ABCD – E – F – G – H – I – J – K – L – M – N – O – P – Q – R – S – T – U – V – W – X – Y – Z


Agreed Capacity – An agreed amount of electrical load for a property, as stated in the property’s Connection Agreement with the local Distribution Network Operator (DNO).

Annual Quantity (AQ) – The sum of the consumption from either a single meter or multiple meters. This comes from National Grid, and is based on historical usage from previous years. Measured in kWh (electricity) or Therms (gas).

Automatic Meter Read (AMR) – AMR is the term given to a system that provides automatic meter readings remotely. It uses telephone technology and holds the ability to transfer data into a billing system.

Availability (KVA) – Availability (kVA) or Agreed Capacity refers to the limit of capacity for a site. E.g. if a site has an Availability of 150 kVA then maximum demand should not exceed that figure at any time. It is set and charged by the local Distribution Network Operator (DNO), according to the kVA of a premise. This fee covers investment and maintenance of the electricity network and can also be called the Capacity Charge. Customers pay a fee (per unit) according to the agreed capacity for that site. In theory, maximum demand should not exceed the agreed capacity at any time.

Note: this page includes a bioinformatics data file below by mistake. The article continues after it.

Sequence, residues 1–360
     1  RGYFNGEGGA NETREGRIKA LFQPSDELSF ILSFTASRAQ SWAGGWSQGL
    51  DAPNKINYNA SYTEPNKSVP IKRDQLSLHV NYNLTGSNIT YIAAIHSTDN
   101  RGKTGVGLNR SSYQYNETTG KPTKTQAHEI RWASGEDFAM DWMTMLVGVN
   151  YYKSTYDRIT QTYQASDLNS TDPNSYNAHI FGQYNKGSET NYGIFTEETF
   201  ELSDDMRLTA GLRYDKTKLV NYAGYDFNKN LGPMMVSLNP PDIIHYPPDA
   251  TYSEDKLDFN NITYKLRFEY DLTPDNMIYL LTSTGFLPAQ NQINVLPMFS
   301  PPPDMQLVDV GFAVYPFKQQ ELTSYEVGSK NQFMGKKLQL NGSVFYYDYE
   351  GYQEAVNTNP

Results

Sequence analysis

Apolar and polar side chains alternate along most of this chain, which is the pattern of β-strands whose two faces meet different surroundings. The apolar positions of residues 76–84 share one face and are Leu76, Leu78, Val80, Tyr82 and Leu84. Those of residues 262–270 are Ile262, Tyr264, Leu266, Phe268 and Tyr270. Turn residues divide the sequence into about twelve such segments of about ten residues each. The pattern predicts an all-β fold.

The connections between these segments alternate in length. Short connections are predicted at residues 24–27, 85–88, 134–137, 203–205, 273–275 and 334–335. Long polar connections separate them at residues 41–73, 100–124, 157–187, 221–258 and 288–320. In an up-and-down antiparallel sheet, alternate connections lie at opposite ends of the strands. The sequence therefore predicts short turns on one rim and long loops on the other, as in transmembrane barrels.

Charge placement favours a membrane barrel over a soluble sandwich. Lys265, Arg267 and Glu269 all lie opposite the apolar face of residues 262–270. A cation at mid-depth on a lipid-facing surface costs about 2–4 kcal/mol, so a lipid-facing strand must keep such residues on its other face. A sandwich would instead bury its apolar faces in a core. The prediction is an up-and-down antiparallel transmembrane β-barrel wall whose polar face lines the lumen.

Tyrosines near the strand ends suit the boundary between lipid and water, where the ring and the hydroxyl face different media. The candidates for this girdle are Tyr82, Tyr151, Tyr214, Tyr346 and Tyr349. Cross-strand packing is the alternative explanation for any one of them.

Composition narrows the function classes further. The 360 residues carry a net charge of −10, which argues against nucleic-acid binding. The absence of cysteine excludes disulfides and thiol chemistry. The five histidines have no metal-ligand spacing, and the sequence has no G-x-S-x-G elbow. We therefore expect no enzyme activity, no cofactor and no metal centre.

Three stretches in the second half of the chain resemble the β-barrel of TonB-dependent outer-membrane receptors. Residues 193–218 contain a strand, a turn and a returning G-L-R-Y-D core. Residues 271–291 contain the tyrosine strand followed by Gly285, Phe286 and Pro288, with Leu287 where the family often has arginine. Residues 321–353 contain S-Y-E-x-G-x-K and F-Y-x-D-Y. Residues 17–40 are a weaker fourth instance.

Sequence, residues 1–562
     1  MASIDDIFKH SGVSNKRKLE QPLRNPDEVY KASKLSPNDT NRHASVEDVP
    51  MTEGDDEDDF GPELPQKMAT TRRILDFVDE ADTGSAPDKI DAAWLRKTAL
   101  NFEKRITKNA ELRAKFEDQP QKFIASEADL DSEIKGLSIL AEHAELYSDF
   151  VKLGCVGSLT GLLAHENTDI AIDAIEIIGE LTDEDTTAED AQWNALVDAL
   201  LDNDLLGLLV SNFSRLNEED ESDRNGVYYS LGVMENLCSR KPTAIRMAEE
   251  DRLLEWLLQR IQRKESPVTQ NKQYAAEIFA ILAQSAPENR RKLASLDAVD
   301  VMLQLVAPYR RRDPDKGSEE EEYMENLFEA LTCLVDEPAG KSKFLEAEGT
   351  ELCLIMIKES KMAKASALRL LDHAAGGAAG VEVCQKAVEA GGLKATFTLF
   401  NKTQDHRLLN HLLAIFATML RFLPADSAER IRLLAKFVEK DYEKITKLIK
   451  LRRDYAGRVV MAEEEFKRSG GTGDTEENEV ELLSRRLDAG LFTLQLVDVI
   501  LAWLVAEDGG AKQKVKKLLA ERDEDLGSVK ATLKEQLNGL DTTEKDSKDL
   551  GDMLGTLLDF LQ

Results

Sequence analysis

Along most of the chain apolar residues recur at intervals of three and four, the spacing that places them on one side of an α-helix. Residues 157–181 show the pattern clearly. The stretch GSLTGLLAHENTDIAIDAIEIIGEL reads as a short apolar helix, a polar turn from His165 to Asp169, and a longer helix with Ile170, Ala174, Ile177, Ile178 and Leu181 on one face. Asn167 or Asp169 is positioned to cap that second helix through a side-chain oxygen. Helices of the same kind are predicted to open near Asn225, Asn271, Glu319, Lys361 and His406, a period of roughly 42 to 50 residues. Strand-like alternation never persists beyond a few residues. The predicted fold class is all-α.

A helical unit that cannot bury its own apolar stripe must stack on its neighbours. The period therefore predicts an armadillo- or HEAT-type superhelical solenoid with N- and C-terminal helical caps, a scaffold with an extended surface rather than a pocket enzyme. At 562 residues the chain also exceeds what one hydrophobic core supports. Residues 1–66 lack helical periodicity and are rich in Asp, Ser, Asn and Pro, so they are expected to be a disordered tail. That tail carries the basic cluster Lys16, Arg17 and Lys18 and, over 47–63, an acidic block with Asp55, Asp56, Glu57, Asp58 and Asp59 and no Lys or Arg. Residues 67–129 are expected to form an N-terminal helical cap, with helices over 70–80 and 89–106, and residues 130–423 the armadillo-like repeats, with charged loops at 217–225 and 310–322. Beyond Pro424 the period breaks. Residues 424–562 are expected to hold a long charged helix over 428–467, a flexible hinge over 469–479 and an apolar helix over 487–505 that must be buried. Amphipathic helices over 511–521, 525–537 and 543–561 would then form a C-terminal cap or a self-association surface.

Available Supply Capacity (ASC) – Also known as the Agreed Capacity, this is an agreed amount of electrical load for a property, as stated in the property’s Connection Agreement with the local Distribution Network Operator (DNO).


Balancing Mechanism – The mechanism used by the National Grid Company to balance the supply and demand of electricity.